very rewarding. I found myself wanting to bounce at people and go 'do you realise that the set of numbers between 0 and 1 is infinite and so is the set of numbers between 0 and 2 and that therefore they are the same size?!' Unfortunately, the mathematicians I know go, 'well, yess. Obviously. What's your point?' and everyone else looks at me as if I've gone mad...
"A stunning history of the Continuum Hypothesis"
I reserved the print version from my local library as an intra-library reserve, and waited and waited ... and eventually gave up. I never ever lost the desire to read this book and the print price meant that I continued to wait and then came along this audio book. I know that this was definitely more digestible than the book would have been as I found that the agreeable tone of the narrator allowed me to imaginatively think more intensely about what was being read than if I was reading myself
the connection of the infinite that the author makes to Jewish mysticism, the Kabbalah, and the contemplations on the Divine and the toll it can have on the participant. I could see the parallels with Sufism and it also linked in with the devastating effect that the Continuum Hypothesis appeared to have, or at least served as a catalyst, in the lives of both Cantor and Godel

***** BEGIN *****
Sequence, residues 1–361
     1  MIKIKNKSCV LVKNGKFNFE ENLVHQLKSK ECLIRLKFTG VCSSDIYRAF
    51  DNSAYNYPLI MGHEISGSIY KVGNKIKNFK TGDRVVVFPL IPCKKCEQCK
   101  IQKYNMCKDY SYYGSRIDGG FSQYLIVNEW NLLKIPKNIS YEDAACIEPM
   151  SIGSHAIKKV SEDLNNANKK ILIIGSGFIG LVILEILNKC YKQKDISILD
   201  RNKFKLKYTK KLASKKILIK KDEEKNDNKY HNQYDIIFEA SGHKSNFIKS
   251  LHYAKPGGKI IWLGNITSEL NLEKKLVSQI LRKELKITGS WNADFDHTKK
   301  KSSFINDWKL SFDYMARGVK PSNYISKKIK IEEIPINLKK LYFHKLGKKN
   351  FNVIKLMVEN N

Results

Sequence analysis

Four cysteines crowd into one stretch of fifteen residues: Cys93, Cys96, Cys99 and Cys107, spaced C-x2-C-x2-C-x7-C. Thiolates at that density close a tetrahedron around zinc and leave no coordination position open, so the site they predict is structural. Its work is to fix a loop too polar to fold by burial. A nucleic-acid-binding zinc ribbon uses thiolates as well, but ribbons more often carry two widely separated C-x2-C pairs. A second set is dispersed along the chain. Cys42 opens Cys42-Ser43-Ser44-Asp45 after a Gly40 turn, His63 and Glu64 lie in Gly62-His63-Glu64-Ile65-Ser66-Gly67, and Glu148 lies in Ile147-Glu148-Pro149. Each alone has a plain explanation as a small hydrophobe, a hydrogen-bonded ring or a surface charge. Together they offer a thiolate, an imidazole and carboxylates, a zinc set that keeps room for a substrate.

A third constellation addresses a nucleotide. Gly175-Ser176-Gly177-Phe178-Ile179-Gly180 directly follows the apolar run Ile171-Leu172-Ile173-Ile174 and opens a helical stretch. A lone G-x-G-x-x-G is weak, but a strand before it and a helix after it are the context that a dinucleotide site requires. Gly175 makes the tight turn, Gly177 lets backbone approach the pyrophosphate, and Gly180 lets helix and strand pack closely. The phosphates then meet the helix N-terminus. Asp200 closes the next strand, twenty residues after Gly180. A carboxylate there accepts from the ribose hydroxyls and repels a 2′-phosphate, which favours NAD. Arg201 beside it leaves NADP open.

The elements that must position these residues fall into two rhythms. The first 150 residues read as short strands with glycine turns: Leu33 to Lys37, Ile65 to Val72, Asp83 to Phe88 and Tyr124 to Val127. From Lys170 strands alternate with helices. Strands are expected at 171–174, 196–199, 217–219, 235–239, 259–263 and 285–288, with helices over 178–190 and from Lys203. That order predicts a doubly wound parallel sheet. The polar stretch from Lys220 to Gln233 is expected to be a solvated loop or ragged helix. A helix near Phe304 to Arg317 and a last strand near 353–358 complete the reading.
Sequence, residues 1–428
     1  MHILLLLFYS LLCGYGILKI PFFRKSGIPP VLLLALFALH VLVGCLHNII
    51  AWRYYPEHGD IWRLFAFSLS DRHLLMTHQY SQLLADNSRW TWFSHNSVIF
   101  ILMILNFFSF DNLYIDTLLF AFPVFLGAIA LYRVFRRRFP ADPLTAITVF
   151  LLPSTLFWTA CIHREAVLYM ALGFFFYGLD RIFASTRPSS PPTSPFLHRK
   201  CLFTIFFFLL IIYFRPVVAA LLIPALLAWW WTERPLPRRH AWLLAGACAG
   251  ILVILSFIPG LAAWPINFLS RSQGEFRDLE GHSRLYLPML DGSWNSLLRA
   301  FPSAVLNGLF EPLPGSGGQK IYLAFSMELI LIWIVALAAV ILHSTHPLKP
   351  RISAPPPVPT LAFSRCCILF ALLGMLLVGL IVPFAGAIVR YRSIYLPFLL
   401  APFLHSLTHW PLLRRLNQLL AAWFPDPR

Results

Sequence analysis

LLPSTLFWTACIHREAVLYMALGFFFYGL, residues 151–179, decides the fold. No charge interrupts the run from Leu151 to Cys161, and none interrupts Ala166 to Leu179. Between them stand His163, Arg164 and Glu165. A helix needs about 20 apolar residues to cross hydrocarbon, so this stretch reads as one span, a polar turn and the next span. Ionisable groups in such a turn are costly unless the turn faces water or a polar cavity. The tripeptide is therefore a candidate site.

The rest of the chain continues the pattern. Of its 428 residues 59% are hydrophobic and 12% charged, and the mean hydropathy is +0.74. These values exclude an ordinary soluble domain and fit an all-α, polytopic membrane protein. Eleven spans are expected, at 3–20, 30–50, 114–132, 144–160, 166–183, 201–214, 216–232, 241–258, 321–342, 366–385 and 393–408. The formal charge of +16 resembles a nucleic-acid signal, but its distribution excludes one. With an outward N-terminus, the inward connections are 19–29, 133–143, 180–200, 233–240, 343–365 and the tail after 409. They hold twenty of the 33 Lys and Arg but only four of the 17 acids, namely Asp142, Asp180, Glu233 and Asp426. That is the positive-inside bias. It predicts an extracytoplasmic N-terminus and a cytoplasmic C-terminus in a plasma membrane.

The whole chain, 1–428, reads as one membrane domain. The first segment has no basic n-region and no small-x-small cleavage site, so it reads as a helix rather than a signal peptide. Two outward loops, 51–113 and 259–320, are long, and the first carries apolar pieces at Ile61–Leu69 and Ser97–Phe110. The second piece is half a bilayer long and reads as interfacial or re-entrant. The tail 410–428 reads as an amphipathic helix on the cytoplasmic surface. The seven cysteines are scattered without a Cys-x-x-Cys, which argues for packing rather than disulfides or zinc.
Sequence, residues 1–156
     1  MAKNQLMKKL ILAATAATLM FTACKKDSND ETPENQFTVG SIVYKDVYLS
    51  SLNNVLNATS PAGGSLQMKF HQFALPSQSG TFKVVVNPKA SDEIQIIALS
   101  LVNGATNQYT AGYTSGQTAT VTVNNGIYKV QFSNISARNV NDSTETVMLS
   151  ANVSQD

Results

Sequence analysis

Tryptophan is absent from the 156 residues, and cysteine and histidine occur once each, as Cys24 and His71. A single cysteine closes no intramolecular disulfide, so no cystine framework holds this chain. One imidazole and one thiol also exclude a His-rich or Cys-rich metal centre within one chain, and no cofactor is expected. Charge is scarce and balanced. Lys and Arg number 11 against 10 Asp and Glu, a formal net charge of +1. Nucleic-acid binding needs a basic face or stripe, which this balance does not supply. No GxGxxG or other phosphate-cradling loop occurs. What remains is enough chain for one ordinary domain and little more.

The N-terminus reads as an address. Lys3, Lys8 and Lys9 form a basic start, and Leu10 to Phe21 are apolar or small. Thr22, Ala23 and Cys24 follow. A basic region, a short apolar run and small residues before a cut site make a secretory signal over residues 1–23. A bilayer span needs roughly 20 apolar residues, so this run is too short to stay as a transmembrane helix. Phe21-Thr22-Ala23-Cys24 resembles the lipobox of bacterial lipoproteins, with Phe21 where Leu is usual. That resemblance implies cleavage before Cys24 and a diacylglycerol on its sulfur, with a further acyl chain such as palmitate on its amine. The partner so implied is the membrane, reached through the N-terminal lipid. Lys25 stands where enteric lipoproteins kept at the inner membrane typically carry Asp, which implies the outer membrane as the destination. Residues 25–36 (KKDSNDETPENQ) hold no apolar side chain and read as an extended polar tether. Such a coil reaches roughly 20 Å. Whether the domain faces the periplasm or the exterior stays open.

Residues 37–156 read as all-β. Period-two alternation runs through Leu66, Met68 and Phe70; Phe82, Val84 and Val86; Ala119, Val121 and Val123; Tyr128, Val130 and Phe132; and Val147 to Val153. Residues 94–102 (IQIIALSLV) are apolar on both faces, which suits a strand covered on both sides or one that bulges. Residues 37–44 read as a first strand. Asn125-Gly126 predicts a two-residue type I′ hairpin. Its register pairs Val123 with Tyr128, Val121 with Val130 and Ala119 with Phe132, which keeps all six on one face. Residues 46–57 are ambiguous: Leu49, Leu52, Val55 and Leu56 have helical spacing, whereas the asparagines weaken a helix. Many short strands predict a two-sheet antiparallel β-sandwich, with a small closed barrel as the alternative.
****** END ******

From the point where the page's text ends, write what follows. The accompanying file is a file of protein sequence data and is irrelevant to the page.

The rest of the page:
No but if I find other books that I am interested in, narrated by this reader, then that would be a definite plus
Yes, I really felt that I shared the journey of both Cantor and Godel, and found myself quite angry at Leopold Kronecker and to a lesser extent Bertrand Russell. The first for his vendetta against Cantor and the second for his unkind comments.
I've watched a television documentary on the life of Cantor and have a book that covers Cantor in that it is on the Philisophy of sets, but on the core interest of Cantor and the Continuum Hypothesis , this audiobook easily eclipses the other sources. I did find particularly relevant the weaving in by the author of the influence of Jewish mysticism in the formation of Cantor's attempt to grasp the infinite, the Divine.
"My first audible book"
I approached an audible book on a mathematical topic with some trepidation as I am quite a visual person and would miss any equations, graphs, diagrams etc. The nature of this book was an exploration of the infinite from earliest times through to the work of the 20th century, with a particular focus on Cantor. The experience of an audible book was good. The book was split into sections that made for easier places to stop and pick up at a later date. The content was good, but I did miss any diagrams - which at times would have made the experience even better.
As an English speaker, the American accept was a little grating at times, but I kept my listening sessions to roughly 60 minutes per session.
The content was good, and it was good to generally stick with a chronological narrative. The audio quality was very good, and suited to the spekaer's voice.